– Referrals from friends who are angels and tech CEOs

Y-Combinator (Posterous, RescueTime)

TechStars (DailyBurn, Foodzie,

Facebook Fund (fbFund) (TaskRabbit, Samasource)

Twitter DMs from me to the founders (Evernote, Shopify)

My Rules

What makes me interested in a start-up… or rules them out?

Let’s go through the bullet-points–general rules of thumb–first, some of which are borrowed from much more experienced folk like Mike Maples, Chris Sacca, Travis Kalanick, and others.

These are the considerations I run through when looking at start-ups, but it doesn’t mean that all of the companies in the portfolio passed all of the criteria.

In no particular order, and written as a stream of consciousness:

– If my readers won’t shut up about them, I listen (this led me to reach out to Evernote and Shopify)

– I generally look for these questions to be answered via email, but I now much prefer to have them answered through the AngelList form. If you don’t know the terms (“deck”, “traction”, etc.), you need to learn them before pitching Silicon Valley types.

– Does it offer the possibility of at least a 5x return? Good angel investors in Silicon Valley do not invest in lifestyle businesses or profit shares–they want to turn their $100,000 into millions. 5x return potential is just the entry point for working with decent angels at the seed or Series-A level. Many will be filtering for 20-30x potential, depending on the size of their fund.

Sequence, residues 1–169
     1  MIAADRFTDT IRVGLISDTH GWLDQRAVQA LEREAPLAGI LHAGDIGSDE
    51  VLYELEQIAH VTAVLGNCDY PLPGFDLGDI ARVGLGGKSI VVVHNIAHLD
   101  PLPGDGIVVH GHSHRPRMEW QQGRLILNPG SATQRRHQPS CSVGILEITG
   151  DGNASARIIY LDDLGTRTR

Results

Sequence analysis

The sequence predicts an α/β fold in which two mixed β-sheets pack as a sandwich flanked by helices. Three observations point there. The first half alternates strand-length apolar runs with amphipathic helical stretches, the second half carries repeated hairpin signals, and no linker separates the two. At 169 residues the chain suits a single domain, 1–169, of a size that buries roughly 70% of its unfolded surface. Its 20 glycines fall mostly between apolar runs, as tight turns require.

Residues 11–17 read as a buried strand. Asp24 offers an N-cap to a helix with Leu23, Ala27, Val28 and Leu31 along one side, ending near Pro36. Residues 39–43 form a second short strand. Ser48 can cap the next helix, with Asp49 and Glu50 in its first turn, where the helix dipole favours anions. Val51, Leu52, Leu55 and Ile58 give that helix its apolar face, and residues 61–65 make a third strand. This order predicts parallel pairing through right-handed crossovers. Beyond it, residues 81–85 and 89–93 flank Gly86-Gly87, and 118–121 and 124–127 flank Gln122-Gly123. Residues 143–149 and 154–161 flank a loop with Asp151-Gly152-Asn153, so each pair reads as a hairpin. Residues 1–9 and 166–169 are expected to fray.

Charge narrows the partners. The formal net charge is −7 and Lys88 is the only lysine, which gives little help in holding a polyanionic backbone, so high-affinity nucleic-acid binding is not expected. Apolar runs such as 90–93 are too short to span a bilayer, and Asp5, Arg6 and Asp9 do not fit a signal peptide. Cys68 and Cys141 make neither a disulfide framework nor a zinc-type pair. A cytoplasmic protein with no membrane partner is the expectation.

– If it’s a single founder, the founder must be technical. Two technical co-founders are ideal.

– Have the founders ever had crappy service jobs, like waitering or bussing at restaurants? If so, they tend to stay grounded for longer. Less entitlement and megalomania usually means better decisions and better drinking company.

– I must be eager to use the product myself. This rules out many great companies, but I want a verified market I understand.

– I must understand their customers and be able to recruit, in military terms, HVTs–High Value Targets.

– Do the founders actually test some of what I’m recommending? My data is based on 15+ start-ups and more than $1M in direct response advertising–there are a few things I understand very well, sign-up conversion being one example. I will usually suggest 1-2 elements for testing in an initial meeting, well before investing, and if at least one element isn’t tested within a week, they’re out. If the product (usually a website) isn’t split tested or “iterated” fast enough, it usually foreshadows death for tech start-up. Speed is often the only competitive advantage smaller guys have.